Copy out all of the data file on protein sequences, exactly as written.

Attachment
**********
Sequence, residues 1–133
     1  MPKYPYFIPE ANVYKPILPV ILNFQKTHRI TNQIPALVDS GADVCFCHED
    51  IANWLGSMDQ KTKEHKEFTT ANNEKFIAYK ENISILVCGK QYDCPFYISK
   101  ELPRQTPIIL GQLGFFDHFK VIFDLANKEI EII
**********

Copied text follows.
Sequence, residues 1–133
     1  MPKYPYFIPE ANVYKPILPV ILNFQKTHRI TNQIPALVDS GADVCFCHED
    51  IANWLGSMDQ KTKEHKEFTT ANNEKFIAYK ENISILVCGK QYDCPFYISK
   101  ELPRQTPIIL GQLGFFDHFK VIFDLANKEI EII